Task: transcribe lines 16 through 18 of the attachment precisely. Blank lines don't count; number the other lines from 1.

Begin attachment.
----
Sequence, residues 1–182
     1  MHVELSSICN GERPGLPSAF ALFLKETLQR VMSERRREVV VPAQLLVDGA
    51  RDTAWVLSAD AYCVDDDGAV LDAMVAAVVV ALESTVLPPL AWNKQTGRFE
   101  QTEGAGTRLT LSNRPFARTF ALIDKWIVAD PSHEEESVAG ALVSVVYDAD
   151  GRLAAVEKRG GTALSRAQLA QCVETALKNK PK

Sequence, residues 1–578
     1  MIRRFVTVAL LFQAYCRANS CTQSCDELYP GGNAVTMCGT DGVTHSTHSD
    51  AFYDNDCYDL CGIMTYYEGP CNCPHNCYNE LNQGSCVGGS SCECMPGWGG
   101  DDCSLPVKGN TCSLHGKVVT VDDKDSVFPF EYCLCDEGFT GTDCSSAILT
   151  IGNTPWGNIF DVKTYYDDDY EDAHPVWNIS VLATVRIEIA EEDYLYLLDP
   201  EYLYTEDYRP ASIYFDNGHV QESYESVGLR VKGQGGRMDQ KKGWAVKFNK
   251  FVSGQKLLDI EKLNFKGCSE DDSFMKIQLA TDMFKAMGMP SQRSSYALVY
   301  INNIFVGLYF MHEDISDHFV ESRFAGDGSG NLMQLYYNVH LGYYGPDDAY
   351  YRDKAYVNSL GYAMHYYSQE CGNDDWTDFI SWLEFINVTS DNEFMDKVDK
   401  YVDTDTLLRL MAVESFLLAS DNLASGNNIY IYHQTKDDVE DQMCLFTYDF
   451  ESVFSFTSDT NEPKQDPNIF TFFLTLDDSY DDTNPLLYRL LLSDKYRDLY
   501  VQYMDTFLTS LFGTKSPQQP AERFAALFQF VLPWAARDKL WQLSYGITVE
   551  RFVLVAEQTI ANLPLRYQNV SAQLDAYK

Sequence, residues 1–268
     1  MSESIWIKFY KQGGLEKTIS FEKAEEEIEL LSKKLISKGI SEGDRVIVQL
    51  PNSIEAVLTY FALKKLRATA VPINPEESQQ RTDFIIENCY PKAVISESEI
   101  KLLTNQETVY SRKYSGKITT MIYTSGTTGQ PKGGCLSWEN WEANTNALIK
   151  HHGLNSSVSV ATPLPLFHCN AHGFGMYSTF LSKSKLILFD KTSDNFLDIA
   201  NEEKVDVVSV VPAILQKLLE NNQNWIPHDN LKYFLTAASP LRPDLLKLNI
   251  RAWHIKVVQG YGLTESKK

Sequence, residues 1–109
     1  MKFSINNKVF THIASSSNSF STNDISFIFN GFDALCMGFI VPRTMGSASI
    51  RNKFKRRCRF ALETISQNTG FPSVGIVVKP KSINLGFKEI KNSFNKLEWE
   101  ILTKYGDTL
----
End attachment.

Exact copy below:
   451  ESVFSFTSDT NEPKQDPNIF TFFLTLDDSY DDTNPLLYRL LLSDKYRDLY
   501  VQYMDTFLTS LFGTKSPQQP AERFAALFQF VLPWAARDKL WQLSYGITVE
   551  RFVLVAEQTI ANLPLRYQNV SAQLDAYK